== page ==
EU regulator raises Android concerns

Out-Law News | 21 Apr 2016 | 2:18 pm | 1 min. read

The European Commission has raised concerns that Google has breach EU competition rules through the terms of and deals it has struck with mobile device manufacturers and network operators.

Google has defended its "partner agreements" and said the business model it operates when selling its Android mobile operating system are good for both device manufacturers and consumers.

The Commission's concerns were outlined in a statement of objections it has issued Google in which it stated its provisional view that the company has abused a dominant market position in breach of EU law.

Its specific concerns mainly relate to agreements Google has with device manufacturers over the use of its Android mobile operating system. It said they tie manufacturers into pre-installing some other Google services onto devices and prevent them from selling devices that run on competing operating systems.

The Commission, which is responsible for enforcing EU competition rules, has also taken issue with "financial incentives" it said the company offers to device manufacturers and mobile network operators to "exclusively pre-install Google Search on their devices".

EU competition commissioner Margrethe Vestager said: "A competitive mobile internet sector is increasingly important for consumers and businesses in Europe. Based on our investigation thus far, we believe that Google's behaviour denies consumers a wider choice of mobile apps and services and stands in the way of innovation by other players, in breach of EU antitrust rules. These rules apply to all companies active in Europe. Google now has the opportunity to reply to the Commission's concerns."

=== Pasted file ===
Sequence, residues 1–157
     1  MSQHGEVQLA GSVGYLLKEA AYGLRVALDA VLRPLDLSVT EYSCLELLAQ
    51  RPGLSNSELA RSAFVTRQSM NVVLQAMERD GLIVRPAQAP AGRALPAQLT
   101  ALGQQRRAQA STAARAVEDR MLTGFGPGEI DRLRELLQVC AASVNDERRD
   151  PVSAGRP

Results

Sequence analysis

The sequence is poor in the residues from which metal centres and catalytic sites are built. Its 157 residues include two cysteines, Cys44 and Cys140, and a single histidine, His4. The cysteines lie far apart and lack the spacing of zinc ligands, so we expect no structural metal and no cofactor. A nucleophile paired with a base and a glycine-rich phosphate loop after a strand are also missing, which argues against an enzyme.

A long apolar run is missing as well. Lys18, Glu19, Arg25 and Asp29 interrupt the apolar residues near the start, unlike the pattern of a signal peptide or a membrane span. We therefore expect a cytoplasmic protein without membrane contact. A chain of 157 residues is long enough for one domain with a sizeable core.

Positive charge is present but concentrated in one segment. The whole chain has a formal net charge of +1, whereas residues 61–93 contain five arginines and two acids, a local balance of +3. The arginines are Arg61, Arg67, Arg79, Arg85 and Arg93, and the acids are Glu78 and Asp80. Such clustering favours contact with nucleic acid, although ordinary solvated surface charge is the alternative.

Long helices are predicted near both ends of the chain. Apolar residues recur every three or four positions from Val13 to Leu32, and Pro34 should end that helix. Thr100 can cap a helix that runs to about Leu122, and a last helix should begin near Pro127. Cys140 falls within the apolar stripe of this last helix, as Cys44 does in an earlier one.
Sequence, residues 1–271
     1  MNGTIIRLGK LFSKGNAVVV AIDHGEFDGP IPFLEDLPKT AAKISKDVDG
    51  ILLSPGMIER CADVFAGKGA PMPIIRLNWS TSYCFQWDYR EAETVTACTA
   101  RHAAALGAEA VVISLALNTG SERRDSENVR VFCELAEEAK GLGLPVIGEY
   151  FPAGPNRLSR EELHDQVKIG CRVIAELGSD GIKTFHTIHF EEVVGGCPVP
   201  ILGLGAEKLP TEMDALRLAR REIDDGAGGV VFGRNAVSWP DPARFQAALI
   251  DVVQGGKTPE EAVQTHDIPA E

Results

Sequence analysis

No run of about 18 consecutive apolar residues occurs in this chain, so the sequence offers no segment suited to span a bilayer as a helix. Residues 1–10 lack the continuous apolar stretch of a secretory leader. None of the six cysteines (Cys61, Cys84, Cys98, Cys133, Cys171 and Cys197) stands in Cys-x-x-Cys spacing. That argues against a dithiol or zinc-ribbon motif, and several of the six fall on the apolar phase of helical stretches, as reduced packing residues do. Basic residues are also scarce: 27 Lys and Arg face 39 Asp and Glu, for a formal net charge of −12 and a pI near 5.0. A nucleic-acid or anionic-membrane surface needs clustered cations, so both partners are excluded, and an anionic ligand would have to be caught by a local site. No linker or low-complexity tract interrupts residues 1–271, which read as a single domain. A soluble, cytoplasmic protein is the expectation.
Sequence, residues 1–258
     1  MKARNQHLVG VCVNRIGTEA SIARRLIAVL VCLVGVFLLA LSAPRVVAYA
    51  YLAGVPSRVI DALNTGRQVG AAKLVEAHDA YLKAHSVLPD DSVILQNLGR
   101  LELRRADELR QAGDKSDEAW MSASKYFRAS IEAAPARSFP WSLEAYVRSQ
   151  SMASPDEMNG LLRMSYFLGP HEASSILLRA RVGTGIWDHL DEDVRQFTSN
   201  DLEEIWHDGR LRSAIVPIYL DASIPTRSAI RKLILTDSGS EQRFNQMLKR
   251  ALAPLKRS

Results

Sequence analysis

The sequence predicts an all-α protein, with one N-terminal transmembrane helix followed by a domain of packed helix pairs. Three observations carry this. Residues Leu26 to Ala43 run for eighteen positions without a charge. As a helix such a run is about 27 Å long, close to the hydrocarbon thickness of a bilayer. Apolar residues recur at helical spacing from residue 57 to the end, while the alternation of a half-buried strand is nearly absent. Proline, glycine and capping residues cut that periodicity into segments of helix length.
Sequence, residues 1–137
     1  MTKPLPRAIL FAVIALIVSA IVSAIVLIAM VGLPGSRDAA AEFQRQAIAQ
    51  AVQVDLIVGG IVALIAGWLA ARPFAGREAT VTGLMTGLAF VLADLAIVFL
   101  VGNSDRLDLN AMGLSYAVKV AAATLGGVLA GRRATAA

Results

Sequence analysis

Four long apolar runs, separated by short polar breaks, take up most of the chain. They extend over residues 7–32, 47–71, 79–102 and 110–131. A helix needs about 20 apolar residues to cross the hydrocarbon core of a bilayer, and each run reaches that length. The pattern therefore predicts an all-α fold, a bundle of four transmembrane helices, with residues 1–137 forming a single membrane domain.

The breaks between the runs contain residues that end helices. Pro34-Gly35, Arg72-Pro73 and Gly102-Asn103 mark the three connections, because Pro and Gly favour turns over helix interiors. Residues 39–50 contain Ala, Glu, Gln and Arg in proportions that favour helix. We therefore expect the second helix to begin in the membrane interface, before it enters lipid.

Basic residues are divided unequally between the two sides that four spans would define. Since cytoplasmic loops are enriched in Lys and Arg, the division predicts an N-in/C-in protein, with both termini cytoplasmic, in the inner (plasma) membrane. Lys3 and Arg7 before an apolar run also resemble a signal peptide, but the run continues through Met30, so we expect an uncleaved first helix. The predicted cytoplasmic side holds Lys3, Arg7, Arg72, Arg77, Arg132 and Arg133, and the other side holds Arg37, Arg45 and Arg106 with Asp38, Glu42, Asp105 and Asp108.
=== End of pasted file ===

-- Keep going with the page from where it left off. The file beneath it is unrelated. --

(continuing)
Google said it takes the Commission's concerns seriously but said it believes its business model "keeps manufacturers’ costs low and their flexibility high, while giving consumers unprecedented control of their mobile devices".

"Our partner agreements have helped foster a remarkable -- and, importantly, sustainable -- ecosystem, based on open-source software and open innovation," said Kent Walker, senior vice president and general counsel at Google in a company blog. "We look forward to working with the European Commission to demonstrate the careful way we’ve designed the Android model in a way that’s good for competition and for consumers."

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